6 Common Neighborhood Situations That Can Lead to a Liability
Learn how to handle six common scenarios that can strain neighborly relations and possibly result in liability.
Good fences may make good neighbors, but it was a damaged fence that moved Bob Hartwig up a few notches in his neighbor’s eyes. A storm uprooted Hartwig’s 90-year-old locust tree and deposited it on a fence and tree across the street. Although the neighbor’s insurance was responsible for covering the damage, Hartwig volunteered to pay the couple’s deductible and replace their tree.
“I felt I should help them out in the interest of neighborly relations,” Hartwig says.
As president of the Insurance Information Institute in New York City, Hartwig knows there’s sometimes a fine line between etiquette and liability. When trees topple, swimming pools beckon or dogs bite, relations can sour. Property owners need to know the boundaries that will help protect their neighbors from harm and themselves from future liability.
You agree to let your 13-year-old pick up your vacationing neighbor’s newspaper and feed their goldfish.
Unless you’re a professional house sitter, there shouldn’t be liability issues if a problem arises that you or your family member fails to notice. Make sure the neighbors take precautions, such as turning off their water and locking the doors of cars left in the garage. Also ask how to contact them while they’re gone.
Whenever your dog’s outside, he’s in the fenced-in backyard or on a chain.
No matter where your pet is, even if he’s restrained, you may be held liable for his behavior, whether he bites someone or damages property. Some states hold pet owners strictly liable, while others provide leeway. If kids tend to come in your fenced yard to retrieve their balls, let them know you will do it for them.
3. Hanging branches
You want to prune the neighbor’s tree, which is overhanging part of your property.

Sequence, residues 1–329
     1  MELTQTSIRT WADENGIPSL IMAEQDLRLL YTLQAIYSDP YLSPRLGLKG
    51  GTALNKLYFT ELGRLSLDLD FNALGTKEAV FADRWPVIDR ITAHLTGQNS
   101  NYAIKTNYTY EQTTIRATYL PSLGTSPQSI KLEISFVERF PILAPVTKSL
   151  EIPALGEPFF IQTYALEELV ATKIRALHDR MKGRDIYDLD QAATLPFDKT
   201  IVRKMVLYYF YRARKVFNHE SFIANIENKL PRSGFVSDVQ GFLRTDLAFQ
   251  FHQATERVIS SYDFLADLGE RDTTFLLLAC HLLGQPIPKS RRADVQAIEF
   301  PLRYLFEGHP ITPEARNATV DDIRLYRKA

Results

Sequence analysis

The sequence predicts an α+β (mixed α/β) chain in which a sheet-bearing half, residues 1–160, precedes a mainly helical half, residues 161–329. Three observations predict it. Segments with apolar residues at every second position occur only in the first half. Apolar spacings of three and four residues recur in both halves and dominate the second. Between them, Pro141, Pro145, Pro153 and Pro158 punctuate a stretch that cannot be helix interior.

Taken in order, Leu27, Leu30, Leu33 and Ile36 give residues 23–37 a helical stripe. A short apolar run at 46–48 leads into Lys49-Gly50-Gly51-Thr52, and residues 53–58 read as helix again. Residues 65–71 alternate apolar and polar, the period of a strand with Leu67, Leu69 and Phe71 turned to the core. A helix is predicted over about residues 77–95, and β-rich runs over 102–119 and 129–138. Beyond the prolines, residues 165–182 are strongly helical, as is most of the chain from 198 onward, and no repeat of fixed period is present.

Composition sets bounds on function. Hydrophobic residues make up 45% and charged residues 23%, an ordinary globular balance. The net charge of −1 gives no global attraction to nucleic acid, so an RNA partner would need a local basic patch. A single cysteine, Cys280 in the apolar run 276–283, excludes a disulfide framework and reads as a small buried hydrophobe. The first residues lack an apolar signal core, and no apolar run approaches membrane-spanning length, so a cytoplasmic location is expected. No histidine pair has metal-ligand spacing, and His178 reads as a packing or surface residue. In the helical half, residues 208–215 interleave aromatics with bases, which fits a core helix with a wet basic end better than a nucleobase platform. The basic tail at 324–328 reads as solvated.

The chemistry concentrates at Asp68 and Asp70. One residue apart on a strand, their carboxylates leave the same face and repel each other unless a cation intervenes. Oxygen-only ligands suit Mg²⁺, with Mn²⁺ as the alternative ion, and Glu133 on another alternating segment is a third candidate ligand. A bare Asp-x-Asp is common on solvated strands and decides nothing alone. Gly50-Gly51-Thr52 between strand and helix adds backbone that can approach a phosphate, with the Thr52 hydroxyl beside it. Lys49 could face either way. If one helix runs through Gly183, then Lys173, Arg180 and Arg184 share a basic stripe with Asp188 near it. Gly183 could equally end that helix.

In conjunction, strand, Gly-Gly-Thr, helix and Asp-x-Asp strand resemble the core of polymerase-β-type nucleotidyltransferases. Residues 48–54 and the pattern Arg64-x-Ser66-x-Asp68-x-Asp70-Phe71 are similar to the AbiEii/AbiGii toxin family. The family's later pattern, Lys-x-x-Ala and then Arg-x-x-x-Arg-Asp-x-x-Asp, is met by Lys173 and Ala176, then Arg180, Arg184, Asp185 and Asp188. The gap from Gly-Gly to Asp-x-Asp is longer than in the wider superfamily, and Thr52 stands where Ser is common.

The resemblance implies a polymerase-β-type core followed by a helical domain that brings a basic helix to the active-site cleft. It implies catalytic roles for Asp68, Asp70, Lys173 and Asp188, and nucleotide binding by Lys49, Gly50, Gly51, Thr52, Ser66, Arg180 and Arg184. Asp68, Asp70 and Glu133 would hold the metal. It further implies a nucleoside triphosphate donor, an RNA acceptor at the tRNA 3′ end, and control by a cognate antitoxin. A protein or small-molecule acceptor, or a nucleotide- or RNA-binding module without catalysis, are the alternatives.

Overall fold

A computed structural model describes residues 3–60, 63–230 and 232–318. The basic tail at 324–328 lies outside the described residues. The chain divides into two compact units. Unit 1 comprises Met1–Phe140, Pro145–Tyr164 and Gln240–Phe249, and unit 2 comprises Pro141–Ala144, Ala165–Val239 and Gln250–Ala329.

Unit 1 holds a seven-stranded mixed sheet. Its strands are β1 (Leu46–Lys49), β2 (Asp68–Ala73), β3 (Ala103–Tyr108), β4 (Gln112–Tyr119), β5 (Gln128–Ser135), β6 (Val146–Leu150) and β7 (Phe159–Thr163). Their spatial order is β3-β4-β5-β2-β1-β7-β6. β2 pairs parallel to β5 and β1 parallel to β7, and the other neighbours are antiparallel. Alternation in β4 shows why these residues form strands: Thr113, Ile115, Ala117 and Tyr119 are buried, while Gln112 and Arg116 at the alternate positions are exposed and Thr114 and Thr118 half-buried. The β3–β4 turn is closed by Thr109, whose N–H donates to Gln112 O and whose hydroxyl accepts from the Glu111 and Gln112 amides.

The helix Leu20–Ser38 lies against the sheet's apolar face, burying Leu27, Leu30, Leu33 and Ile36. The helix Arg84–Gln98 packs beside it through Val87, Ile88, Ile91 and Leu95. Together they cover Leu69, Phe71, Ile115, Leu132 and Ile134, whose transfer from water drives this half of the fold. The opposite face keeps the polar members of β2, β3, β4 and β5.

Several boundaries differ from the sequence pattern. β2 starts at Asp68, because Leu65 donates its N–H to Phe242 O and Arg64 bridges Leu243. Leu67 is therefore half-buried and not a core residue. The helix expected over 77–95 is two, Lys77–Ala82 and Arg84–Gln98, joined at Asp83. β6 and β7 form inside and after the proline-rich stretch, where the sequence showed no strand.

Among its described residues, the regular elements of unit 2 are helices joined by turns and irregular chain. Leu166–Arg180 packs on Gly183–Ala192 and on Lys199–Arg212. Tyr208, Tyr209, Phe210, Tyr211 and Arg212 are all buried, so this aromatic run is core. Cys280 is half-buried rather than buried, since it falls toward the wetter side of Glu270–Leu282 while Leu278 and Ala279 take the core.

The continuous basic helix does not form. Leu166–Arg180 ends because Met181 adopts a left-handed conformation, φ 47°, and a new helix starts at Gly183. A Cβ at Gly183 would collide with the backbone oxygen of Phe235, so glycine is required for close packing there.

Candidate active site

Consider safety, not just aesthetics. If a branch falls on your kid’s friend in your yard, you may be found negligent, even though it’s not your tree. When it comes to storm-related damages, people are often surprised to learn that their own insurance company generally foots the bill for damages caused by a felled neighbor’s tree.
Your daughter has her learner’s permit and you’re worried she could hit your neighbors’ car on the street.
“If someone in your family hits a parked car, you’re responsible,” says Hartwig. Politely explain to the neighbors that you’ve had close calls and need more room to navigate. “That’s usually persuasive enough” to get them to move their car, he says.
Your kids are begging to have their pals over to swim in your pool whenever they want.
Stop! A pool is already a draw—and a potential danger—without opening it to the masses. Even if someone comes onto your property uninvited, you could be liable. Most states and municipalities have laws and ordinances requiring that pools be enclosed by fences and locked gates. Always provide adult supervision.
6. Lending equipment
Your neighbor wants to try out your lawn edger—the one with the supersharp blade.
As long as you’re not concealing mechanical defects and the equipment isn’t required to be registered, you shouldn’t be liable for an accident. Still, you can never rule out a lawsuit from an injured neighbor. If you’re uncomfortable loaning the equipment, offer to do the edging yourself and let the neighbor clean up.